At a routine health appointment last week, I had to fill out a very long questionnaire that, halfway through the second side, meandered onto the topic of stress. Right there it asked: has anyone you know died in the past year? with a follow up question: friend or family? I checked yes to the first question instinctively, then hesitated on the second. Two friends died in the past twelve months, both in brutally unfair ways. And both of my pets had died, both gently, both at home, both utterly heartbreaking. I checked friend, then wrote in a 4 before the word and an S after it.
So, yes, I took a little time away from all this. You know, all... THIS. I tried my best to disengage from both bike racing and the internet for a little while, because I needed to reclaim some space in my brain. I worked on my work. I ran. I rode my townie. I read books (paper books). I recalled what was important to me, and what was not. I got rid of pressure by denying its existence, and like Alice's pack of cards it disappeared in front of me.
One thing didn't change. Riding a good bike down sunny singletrack, fast, on a crisp autumn day, is one of the most joyful feelings on earth. For a while, maybe I didn't want to feel joyful, but now maybe I do again.
Back on dirt this weekend for the first time since July. Although I anticipated being in awful shape, in fact little was lost. Less smooth here, less fast there. Trail features have been elided by memory's fog. My mental map of the Bent Creek trails currently resembles the New York subway map: the intersections are clear but the routes are stylized, the distances indefinite. This weekend saw two trips to the trails to reconnect with the bliss, and one interval session to remind my heart how good it feels to pump that hard.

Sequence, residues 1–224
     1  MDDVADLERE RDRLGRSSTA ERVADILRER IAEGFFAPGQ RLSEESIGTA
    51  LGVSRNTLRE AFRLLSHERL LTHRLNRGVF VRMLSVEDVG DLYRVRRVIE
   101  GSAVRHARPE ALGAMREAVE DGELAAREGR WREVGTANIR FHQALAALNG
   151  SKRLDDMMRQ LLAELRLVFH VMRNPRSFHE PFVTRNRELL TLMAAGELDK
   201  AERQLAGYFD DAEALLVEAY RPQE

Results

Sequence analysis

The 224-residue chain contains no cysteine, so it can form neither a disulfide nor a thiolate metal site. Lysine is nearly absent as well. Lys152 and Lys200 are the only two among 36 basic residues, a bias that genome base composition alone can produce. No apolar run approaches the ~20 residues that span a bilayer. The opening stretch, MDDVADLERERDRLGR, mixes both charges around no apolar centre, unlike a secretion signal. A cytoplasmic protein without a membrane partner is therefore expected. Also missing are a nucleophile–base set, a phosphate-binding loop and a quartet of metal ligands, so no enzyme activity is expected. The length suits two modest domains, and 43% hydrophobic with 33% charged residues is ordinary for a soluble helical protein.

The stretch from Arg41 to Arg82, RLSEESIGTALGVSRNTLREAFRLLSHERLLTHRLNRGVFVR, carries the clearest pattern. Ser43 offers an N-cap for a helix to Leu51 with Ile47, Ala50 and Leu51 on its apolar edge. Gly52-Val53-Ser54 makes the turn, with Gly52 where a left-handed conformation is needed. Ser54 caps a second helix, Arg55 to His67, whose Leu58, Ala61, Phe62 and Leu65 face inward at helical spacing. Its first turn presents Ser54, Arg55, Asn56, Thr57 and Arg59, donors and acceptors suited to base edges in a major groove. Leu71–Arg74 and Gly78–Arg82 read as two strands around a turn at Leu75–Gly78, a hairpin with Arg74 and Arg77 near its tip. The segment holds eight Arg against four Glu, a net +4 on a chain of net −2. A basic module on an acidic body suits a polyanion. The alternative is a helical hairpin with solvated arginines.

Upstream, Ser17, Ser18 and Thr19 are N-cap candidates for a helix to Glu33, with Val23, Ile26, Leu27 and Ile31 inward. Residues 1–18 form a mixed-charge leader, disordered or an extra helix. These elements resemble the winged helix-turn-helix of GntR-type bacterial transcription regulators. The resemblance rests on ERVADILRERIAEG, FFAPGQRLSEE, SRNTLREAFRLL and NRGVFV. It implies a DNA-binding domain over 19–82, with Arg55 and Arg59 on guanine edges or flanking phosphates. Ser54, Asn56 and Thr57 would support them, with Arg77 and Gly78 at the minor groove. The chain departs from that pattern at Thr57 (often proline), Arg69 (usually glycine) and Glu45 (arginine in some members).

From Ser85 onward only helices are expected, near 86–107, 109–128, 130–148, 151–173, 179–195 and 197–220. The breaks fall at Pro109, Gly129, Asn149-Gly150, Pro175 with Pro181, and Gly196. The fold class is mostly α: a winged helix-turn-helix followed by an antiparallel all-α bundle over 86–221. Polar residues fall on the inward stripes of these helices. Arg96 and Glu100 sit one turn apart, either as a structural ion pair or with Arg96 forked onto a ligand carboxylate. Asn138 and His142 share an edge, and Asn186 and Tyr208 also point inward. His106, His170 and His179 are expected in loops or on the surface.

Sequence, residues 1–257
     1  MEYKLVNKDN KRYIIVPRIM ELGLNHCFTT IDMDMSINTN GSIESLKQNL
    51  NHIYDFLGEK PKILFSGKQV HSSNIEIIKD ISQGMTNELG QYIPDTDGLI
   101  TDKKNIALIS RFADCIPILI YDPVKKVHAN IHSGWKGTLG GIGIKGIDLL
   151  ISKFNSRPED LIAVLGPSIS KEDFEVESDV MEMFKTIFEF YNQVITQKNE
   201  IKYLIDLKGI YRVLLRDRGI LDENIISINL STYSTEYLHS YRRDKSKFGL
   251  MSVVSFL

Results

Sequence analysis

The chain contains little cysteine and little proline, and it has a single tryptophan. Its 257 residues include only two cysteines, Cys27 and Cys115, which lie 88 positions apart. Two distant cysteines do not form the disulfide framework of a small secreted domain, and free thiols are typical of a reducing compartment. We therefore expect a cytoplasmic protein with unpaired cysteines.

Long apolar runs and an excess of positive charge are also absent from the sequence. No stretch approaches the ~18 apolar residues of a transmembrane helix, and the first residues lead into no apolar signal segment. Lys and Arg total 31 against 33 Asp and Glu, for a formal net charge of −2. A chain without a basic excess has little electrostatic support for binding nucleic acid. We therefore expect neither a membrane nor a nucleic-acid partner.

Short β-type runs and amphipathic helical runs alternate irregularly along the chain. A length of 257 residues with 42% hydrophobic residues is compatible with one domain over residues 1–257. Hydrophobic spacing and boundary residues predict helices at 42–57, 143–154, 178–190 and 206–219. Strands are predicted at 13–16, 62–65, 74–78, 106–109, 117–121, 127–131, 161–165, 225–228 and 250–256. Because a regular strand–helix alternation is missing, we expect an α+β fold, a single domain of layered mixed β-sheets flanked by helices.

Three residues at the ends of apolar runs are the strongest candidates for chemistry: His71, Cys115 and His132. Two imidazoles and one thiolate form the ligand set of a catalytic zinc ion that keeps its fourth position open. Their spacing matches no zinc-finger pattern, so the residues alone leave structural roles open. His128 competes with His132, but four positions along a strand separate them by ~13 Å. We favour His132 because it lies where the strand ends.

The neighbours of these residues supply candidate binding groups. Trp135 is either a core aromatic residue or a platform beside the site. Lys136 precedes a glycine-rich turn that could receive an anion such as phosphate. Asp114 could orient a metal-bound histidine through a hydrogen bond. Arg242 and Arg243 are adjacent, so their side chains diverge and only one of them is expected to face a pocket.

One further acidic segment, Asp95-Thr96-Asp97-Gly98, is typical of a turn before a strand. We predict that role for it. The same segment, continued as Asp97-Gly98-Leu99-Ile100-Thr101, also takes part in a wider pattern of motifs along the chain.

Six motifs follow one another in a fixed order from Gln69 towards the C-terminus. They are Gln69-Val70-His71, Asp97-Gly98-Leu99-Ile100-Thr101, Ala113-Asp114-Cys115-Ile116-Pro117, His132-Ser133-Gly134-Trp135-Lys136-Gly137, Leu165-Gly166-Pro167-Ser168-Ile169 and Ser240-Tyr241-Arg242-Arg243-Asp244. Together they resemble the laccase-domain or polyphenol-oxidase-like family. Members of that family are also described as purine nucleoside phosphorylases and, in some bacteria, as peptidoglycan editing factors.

I light a candle for the losses of the past year, and try to use it to light the way forward. I don't know what to do with that pack of cards, though. I might leave it alone for a while. Anyway, I've never really been a true bike racer. Racers try to limit the variables and control everything, but I tend to get more engaged with the process the more unpredictable things get. I am an experiencer, a traveler, a storyteller. An adventurer. Maybe not a very good adventurer, but that's what I am.